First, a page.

Halloween being on the other side of the hurricane, left us ready to get out and see the world, with a bit more vigor than usual. Lots of walking to get to the local Halloween festivities in Fort Greene. Followed by a good walk home carrying my three year old on my shoulders. Then the real exercise began: the super hero (the Green Lantern) led the way. My 3 year old clown, following her brother, the super hero’s example, walked from the third floor of our building all the way up to the 16th floor in the quest for treats (no 13th floor), and again from the 17th to the 24th floor with me trailing behind them. While my son continued up from the 25th to the 30th floor under his own steam, I did carry the three year old and her 3 pounds of candy. (In case you didn’t do the math: that was 19 flights of stairs for a 3 year old and 24 for the 6 year old. That’s a lot! ) I would have preferred the elevator, but really this was a much better way to ascend our building. We burned a few calories before consuming excessively!

Walls, Balls, and Racquets

Urban spaces have a lot to offer. Having spent my childhood in rural Vermont this was an unexpected discovery. A simple cement wall, or the side of a brownstone, a smooth surface, a hand ball, add a child and a surrounding fence to keep bouncing balls from escaping, now a game of catch can commence. Throw the ball at the wall and the wall throws it back.

 

I got it!

  I got it!

 

Add another child, or two, or an adult, and a competitive game, called “homicide” at my son’s elementary school, can begin. Do they all know the definition of “homicide”? Probably not the younger ones, in fact a three year old calls it “messiah”. This game, with it’s evolving rules, created and agreed upon by the child participants, is an intense form of exercise! A fantastic way to improve hand-eye coordination, throwing strength, accuracy, agility, and if you are playing competitively, you will increase your heart rate. Basic rules: throw the ball at the wall. Catch the ball after one bounce, throw again. Catch the ball with one hand, without a bounce, you can throw the ball at any other competitor unless they reach the wall (safety) first. If you touch the ball, but don’t catch it any other participant who catches the ball can throw it at you. Again you have the option to run to safety first. Interval training at it’s best!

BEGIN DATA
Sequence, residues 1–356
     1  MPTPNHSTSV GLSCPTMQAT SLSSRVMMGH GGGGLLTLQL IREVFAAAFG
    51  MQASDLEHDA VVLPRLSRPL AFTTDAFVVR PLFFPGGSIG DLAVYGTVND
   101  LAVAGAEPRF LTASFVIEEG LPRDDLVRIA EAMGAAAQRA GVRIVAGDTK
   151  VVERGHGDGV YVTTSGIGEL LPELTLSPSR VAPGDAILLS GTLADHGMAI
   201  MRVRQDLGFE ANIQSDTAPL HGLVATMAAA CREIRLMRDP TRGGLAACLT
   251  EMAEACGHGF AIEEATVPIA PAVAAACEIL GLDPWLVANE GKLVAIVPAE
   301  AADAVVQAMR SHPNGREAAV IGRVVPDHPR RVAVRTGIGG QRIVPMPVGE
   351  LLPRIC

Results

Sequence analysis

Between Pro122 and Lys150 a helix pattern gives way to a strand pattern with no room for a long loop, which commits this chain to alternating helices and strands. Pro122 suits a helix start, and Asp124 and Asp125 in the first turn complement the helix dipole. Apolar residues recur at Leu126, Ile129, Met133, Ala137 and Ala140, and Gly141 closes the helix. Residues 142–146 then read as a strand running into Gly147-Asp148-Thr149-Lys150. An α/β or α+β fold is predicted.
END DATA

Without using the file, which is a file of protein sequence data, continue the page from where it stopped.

Bring a racquet with you, tennis balls or the hand ball, and the wall can become a fierce competitor with a rapid return. Bring two or three racquets and all sorts of games can be created.

The best part of these simple urban games is that even a six year old, a three year old, and an adult can all find a variation that is fun to play, together or separately!

Exercise and Folding Laundry: Are they compatible?

The answer today is yes!

This morning I wanted to exercise, however a couple loads of laundry were piled up on the couch waiting to be folded. Two (or more) things needed to be done and only time for one. That seems to be the mother’s daily dilemma. I solved this dilemma to my satisfaction by jogging in place while folding the laundry. This was a super low impact workout, not intense, and only 12-15 minutes in duration. I jogged and folded, jogged and placed the clothes in the appropriate pile. One for me, one for my husband, one for my daughter and one for my son. And jogged some more. Folding the sheets was a little tricky and trippy, but possible. And Voila! Laundry done, heart rate moderately raised, and the 3 year old joined me for some stretches.

It was a good morning for movement.